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Smashing the Gay Ceiling: Why Representation in Leadership Matters

Jun 05, 2023

When it comes to influential leadership positions in the United States, there is still a vast need for more diversity. For example, a recent study by Mogul, a recruiting site for diverse executives, revealed that only 12% of Fortune 500 companies’ boards of directors are black (Fortune, Oct 2022). However, for the LGBTQ+ community, the statistics are incredibly bleak. Only .3% were openly LGBTQ+ in 2020 (Zippia, Oct 2022.) For other C-Suite leadership roles in publicly traded companies, less than 1% are openly LGBTQ+. By comparison, 5% of the US population identifies as LGBTQ+, including over 8 million workers.


So, why aren’t more gay people breaking through this glass ceiling?


“It’s a different type of glass,” states Kevin Jones, author of “Opening the Corporate Closet: Transforming Bias to Gay Advancement in Corporate America.” “It keeps openly gay employees from advancing while confining those who aren’t out to remain in their closet.”


Considering the open discrimination that many LGBTQ+ people face in the workplace, it’s not surprising that many feel that they need to stay closeted. Just look at these statistics from The Williams Institute at the UCLA School of Law (LGBT Workplace Discrimination: The Impact of Sexual Orientation and Gender Identity on Employment, Sept 2021)

  • 45.5% reported experiencing unfair treatment at work, including being fired, not hired, or harassed because of their sexual orientation or gender identity at some point in their lives.
  • About one-third (37.7%) of LGBT employees reported experiencing at least one form of harassment at work because of their sexual orientation or gender identity.
  • Two-thirds (67.5%) of LGBT employees reported hearing negative comments, slurs, or jokes about LGBTQ people at work. Many LGBT people reported being called or hearing words like “f****t,” “queer,” “sissy,” “tranny,” and “dyke” in the workplace.


As Jones points out, many LGBTQ+ professionals find it necessary to don pink camouflage. “When I think of visible minorities, such as women or people of color, people may still have derogatory thoughts about you, but it’s unlikely in this day and age that they will openly share those thoughts or tell those kinds of jokes in front of you. Contrast that with people in the LGBTQ community. Even as children, we often grew up in families, communities, or churches where people made jokes about gay people or had derogatory comments about them. We very quickly understood that to survive in this environment, we had to camouflage ourselves.”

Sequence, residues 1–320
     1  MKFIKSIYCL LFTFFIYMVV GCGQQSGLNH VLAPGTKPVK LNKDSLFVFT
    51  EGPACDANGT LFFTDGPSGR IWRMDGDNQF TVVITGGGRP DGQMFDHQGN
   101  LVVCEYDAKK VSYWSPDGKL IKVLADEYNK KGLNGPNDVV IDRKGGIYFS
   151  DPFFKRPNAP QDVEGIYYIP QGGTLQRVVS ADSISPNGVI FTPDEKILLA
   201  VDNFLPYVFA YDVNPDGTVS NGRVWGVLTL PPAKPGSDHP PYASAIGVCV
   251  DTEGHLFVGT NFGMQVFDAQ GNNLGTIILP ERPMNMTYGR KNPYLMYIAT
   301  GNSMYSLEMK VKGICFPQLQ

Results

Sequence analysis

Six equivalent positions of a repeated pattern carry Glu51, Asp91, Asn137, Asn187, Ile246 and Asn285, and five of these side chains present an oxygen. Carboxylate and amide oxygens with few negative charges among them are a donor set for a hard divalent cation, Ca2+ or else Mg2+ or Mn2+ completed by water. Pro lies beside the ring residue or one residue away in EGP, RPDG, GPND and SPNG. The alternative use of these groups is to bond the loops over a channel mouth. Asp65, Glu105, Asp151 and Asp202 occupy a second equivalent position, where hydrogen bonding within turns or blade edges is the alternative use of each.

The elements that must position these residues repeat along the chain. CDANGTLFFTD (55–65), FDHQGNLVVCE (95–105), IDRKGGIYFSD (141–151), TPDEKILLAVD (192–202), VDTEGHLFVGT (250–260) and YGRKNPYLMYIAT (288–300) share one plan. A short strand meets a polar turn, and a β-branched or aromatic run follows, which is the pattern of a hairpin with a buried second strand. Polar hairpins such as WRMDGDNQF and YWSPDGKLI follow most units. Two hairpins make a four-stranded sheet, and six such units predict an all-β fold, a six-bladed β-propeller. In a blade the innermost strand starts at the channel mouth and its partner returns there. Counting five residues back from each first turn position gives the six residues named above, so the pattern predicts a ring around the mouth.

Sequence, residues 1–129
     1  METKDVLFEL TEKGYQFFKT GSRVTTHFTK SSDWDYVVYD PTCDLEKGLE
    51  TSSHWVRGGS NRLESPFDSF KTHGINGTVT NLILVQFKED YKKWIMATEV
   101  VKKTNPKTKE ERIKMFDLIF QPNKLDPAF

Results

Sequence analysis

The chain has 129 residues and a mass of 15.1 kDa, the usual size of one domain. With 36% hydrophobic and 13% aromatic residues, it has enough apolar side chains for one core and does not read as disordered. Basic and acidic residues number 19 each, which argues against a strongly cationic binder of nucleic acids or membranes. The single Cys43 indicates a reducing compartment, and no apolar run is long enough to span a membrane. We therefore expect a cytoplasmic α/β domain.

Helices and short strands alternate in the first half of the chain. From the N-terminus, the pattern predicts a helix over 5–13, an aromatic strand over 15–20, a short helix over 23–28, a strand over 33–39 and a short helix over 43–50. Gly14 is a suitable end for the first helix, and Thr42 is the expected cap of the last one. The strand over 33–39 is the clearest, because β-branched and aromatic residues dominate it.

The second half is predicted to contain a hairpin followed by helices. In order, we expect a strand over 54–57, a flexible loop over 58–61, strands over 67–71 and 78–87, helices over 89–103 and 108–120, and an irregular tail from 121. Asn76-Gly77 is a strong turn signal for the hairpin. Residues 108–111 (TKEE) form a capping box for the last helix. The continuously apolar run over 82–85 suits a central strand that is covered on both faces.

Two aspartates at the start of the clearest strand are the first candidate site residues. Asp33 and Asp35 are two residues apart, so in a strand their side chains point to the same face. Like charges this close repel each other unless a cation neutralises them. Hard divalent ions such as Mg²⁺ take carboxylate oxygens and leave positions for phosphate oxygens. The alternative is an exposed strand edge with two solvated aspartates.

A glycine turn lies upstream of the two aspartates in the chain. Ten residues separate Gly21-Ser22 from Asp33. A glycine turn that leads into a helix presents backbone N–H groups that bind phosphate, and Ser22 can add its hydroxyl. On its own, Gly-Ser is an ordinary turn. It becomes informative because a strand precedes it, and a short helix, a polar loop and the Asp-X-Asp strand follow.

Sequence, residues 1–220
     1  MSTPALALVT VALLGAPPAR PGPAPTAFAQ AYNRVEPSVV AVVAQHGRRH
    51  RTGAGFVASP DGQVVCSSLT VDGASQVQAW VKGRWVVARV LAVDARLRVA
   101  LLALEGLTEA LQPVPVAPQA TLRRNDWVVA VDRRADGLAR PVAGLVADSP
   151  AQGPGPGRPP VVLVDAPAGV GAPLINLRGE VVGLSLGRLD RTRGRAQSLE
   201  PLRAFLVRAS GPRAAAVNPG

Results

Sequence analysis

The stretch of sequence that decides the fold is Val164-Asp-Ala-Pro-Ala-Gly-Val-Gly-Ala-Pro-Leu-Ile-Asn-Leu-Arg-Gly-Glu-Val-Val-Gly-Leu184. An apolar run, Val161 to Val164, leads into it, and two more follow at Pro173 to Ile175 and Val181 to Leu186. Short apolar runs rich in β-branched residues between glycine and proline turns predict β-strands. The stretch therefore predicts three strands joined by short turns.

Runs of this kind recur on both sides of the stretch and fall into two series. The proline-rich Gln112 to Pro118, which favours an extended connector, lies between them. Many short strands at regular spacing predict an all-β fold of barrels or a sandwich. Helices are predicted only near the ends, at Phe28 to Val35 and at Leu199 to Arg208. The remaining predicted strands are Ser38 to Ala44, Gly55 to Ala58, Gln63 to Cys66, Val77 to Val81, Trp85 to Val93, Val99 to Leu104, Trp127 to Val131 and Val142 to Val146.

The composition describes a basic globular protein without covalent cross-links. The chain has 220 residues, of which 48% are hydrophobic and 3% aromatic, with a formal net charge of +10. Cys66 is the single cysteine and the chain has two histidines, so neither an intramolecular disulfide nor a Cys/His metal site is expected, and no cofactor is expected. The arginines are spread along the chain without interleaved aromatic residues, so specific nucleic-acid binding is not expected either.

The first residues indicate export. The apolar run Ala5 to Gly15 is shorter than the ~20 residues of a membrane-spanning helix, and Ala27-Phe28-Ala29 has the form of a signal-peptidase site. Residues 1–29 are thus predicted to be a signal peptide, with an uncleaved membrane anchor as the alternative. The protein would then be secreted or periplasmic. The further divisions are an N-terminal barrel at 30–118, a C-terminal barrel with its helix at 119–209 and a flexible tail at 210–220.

Being out at work can have serious ramifications for an LGBTQ+ person Zippia, Oct 2022.):

  • 75% of LGBTQ+ employees have reported experiencing negative day-to-day workplace interactions related to their LGBTQ+ identity in the past year.
  • 22% of LGBTQ+ workers are not paid or promoted at the same rate as colleagues.
  • Gay men earn 10% to 32%less than similarly qualified heterosexual males.
  • Gay men report higher salaries than lesbian women, but both report less income than non-LGBTQ+ colleagues.

While many states and even the corporations themselves may have policies to protect LGBTQ+ individuals in the workplace, many gay workers still find themselves in a corporate culture that is less than supportive – or worse, openly hostile. Not surprisingly, the turnover rate for LGBTQ+ members is a real challenge for many companies:

  • One-third (34.2%) of LGBT employees said they had left a job because of how their employer treated them based on their sexual orientation or gender identity.


As an executive coach, Jones helps LGBTQ+ leaders consider their options when facing a challenging culture: Is it better to stay and be a change leader, or is it time to move on? “The question that I tend to ask is, where do you want your energy to go at this point in your life? Because I notice that when I’m having that conversation with people, they’re already drained. If they’re closeted, do they want to stay in the closet and keep putting up with a negative culture just for advancement opportunities? Or is it more important to be themselves and find a different organization that will value them as an individual? It’s a challenging question.


“On the flip side,” Jones continues, “If you’ve expended this much energy already and are out, what gains have you seen? What progress have you made? Does it feel like there’s more to come? Do you feel like you have more to give? We need agents of change.”


As most quality organizations know, real change comes from the top down.


Want to hear more? Check out our full conversation on the Tattooed Freaks in Business Suits podcast:


Find out more about Kevin Jones:

Kevin is a native Texan with degrees from Baylor University and the Université de Strasbourg. He began his career in telecommunications before joining the public accounting firm of Ernst & Young. While there, he earned his International Coaching Federation certification. He also holds the Associate Certified Coach (ACC) credential. After he retired, he founded Consilium Coaching, which provides leadership coaching for members of the LGBTQ community and their allies.

Kevin is married to Simon Aisthorpe. He is the author of the book “Opening the Corporate Closet: Transforming Bias to Gay Advancement in Corporate America,” available in June 2023.


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